Adding a bunch of nonsense into a writing assignment to meet the minimum word requirement is no doubt an experience that many of you have endured. Docs is a great word processor overall, and it's an even better one now that Google has just added a live word count.
Google Photos uses AI sorcery to do all kinds of cool stuff, and starting this week, the service is getting another new trick on Android: it'll soon offer to adjust photos of documents, presenting one-tap options to rotate, crop, and adjust color balance to make them more legible.
Easy collaboration is a key strength of Google Drive, allowing multiple users to view, comment on, and suggests edits to documents. Until now, it's only been possible to share a Doc, Sheet, or Slide with someone who has a Google account. A new Drive beta feature is going to change that.
This March reports broke that Facebook had been gathering call, SMS, and MMS metadata from Android app users for years with questionable levels of consent. Ars Technicasuggested that Facebook was exploiting a loophole in Android to harvest call and SMS data without requesting the permission from users. Facebook responded that it was only collecting metadata through Facebook Lite and Messenger, both of which ask users for that permission during setup. The platform's integrity, however, has now been brought into question once more with revelations from internal emails released by the UK Parliament that show employees explicitly discussing how they might avoid any Android permissions request when accessing SMS and call history.
There are a number of useful scanning apps on the Play Store that allow you to take photos of documents and turn them into digital copies. In fact, I wonder if proper scanners are even still sold anymore, such is the ease with which their purpose can now be fulfilled by a smartphone. Adobe Scan is one of the most popular examples of such an app, and its latest update makes it more powerful than ever.
Given the fast rate at which WhatsApp betas are rolling lately, we keep getting frequent tips about certain small changes to the app that have occurred over one of the many revisions but that we can't pinpoint to a specific version of the app (unless we go ahead and install and test each version, but ain't nobody got time for that!!!). So here we are today with a list of changes that have been implemented at some point during the past week or two and that are all available in version 2.12.535 of the app.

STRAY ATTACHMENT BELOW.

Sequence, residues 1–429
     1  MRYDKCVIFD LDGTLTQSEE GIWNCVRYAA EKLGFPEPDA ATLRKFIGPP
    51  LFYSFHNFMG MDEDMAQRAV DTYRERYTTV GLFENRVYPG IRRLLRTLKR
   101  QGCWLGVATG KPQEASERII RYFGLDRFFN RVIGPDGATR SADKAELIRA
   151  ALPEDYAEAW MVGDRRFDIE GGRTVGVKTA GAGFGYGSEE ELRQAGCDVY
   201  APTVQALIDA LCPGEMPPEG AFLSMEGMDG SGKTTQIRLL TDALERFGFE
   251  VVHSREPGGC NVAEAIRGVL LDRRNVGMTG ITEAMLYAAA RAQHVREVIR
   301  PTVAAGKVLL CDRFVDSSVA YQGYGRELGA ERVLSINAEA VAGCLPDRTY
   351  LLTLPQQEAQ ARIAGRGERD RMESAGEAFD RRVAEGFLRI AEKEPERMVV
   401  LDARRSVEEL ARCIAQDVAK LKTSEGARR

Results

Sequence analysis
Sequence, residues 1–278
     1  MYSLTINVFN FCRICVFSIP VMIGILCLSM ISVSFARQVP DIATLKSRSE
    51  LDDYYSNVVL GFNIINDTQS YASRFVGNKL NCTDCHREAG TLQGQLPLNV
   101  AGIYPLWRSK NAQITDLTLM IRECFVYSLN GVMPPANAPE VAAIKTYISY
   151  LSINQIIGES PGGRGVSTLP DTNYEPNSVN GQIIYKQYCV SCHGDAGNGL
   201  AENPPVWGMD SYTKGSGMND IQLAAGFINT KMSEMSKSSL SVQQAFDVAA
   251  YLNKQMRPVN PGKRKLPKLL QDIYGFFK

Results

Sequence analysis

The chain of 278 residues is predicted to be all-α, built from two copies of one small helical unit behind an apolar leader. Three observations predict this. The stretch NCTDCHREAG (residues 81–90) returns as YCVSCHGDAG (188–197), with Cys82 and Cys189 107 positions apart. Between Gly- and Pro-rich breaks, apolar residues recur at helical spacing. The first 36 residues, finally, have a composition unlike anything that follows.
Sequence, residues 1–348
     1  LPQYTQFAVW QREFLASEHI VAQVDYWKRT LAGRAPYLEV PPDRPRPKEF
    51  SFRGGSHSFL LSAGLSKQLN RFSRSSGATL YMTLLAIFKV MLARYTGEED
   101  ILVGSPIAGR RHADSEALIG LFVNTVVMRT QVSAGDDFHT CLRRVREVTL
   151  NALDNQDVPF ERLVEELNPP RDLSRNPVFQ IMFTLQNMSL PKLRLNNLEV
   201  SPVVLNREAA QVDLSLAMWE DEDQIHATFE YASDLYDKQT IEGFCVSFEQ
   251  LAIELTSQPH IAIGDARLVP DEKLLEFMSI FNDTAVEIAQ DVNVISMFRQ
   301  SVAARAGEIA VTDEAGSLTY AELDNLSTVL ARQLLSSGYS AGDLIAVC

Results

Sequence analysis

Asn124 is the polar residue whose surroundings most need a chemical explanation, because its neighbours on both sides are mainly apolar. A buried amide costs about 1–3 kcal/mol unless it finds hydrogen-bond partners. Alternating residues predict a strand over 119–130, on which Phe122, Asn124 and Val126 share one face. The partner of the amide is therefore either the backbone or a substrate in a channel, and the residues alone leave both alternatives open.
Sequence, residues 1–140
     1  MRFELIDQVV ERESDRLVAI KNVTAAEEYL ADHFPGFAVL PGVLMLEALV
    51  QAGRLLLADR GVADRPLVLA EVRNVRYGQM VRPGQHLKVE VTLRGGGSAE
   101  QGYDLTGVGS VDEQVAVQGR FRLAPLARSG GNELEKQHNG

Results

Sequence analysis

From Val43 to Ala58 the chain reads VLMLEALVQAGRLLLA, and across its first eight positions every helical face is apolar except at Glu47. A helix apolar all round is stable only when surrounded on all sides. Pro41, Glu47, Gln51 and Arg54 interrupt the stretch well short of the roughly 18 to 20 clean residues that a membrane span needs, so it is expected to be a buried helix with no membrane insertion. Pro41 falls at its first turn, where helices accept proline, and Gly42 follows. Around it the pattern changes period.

First, you can now format text inside WhatsApp messages as bold or italics.
The signs have been here for months for WhatsApp's support of document sharing, but the feature has just started rolling out to users over the past several hours. It doesn't seem like the option is baked into a specific version of WhatsApp since we've seen users from 2.12.453 (official Play Store release) to the latest 2.12.493 (beta) reporting it suddenly becoming available to them, while others still don't have it. Odds are it's a server-side trigger that's spreading the feature, and at a very fast pace according to the tips in our inboxes.
So how does WhatsApp Documents work? Sending a document is a matter of tapping the attachment icon in any chat and choosing the new blue Document icon.
Have you ever wanted to view a document on your smartwatch? Don't lie. What, you have? Oh, well, um, now you can, all thanks to developer appfour.
To lay your eyes on 1.3 inches of barely readable fuzziness, open the Documents app on your smartwatch. The app will pull the list of recently used documents from your phone. You can tap on any of them to get a fullscreen view (which ultimately doesn't amount to much) of the paper, slideshow, or spreadsheet.
Last year when material design was introduced to the world, Google emphasized that its specs were a living document. Indeed we've seen several updates to the spec itself since it launched, but Google's also paying attention to its overall design presence, as evidenced by today's major update to google.com/design.
The site has been made over with a new grid filled to the brim with awesome content.
Wouldn't it be nice if every international tech company was as accommodating to competing platforms as Microsoft? The company's Android support for the last year or so has been nothing short of amazing - it must make all twenty Windows Phone users really pissed off at Google for its lack of reciprocation. The latest Microsoft app to make the jump to Android is Delve, a collaboration tool for Office 365 users.
Delve is basically a stream of all the changes made to shared Word, PowerPoint, and Excel files to which you have access. That might not seem like much, but for a team that runs on Office 365 it can be extremely useful.